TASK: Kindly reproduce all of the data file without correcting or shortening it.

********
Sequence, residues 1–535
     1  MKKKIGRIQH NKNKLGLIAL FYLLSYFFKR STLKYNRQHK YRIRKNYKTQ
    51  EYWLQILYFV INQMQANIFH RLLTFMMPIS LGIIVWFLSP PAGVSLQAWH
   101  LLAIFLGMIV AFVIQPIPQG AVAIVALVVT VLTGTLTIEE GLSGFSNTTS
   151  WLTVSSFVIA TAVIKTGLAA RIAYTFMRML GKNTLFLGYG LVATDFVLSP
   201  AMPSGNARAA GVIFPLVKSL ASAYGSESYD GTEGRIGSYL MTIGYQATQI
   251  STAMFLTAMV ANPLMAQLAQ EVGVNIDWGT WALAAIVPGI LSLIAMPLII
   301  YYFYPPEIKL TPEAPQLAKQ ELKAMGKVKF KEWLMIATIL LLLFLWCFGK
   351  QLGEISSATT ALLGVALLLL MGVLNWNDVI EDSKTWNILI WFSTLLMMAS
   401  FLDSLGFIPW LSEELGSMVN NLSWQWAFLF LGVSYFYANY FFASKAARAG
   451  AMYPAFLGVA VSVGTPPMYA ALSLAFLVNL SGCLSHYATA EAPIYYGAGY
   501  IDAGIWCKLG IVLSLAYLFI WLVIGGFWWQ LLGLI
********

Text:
Sequence, residues 1–535
     1  MKKKIGRIQH NKNKLGLIAL FYLLSYFFKR STLKYNRQHK YRIRKNYKTQ
    51  EYWLQILYFV INQMQANIFH RLLTFMMPIS LGIIVWFLSP PAGVSLQAWH
   101  LLAIFLGMIV AFVIQPIPQG AVAIVALVVT VLTGTLTIEE GLSGFSNTTS
   151  WLTVSSFVIA TAVIKTGLAA RIAYTFMRML GKNTLFLGYG LVATDFVLSP
   201  AMPSGNARAA GVIFPLVKSL ASAYGSESYD GTEGRIGSYL MTIGYQATQI
   251  STAMFLTAMV ANPLMAQLAQ EVGVNIDWGT WALAAIVPGI LSLIAMPLII
   301  YYFYPPEIKL TPEAPQLAKQ ELKAMGKVKF KEWLMIATIL LLLFLWCFGK
   351  QLGEISSATT ALLGVALLLL MGVLNWNDVI EDSKTWNILI WFSTLLMMAS
   401  FLDSLGFIPW LSEELGSMVN NLSWQWAFLF LGVSYFYANY FFASKAARAG
   451  AMYPAFLGVA VSVGTPPMYA ALSLAFLVNL SGCLSHYATA EAPIYYGAGY
   501  IDAGIWCKLG IVLSLAYLFI WLVIGGFWWQ LLGLI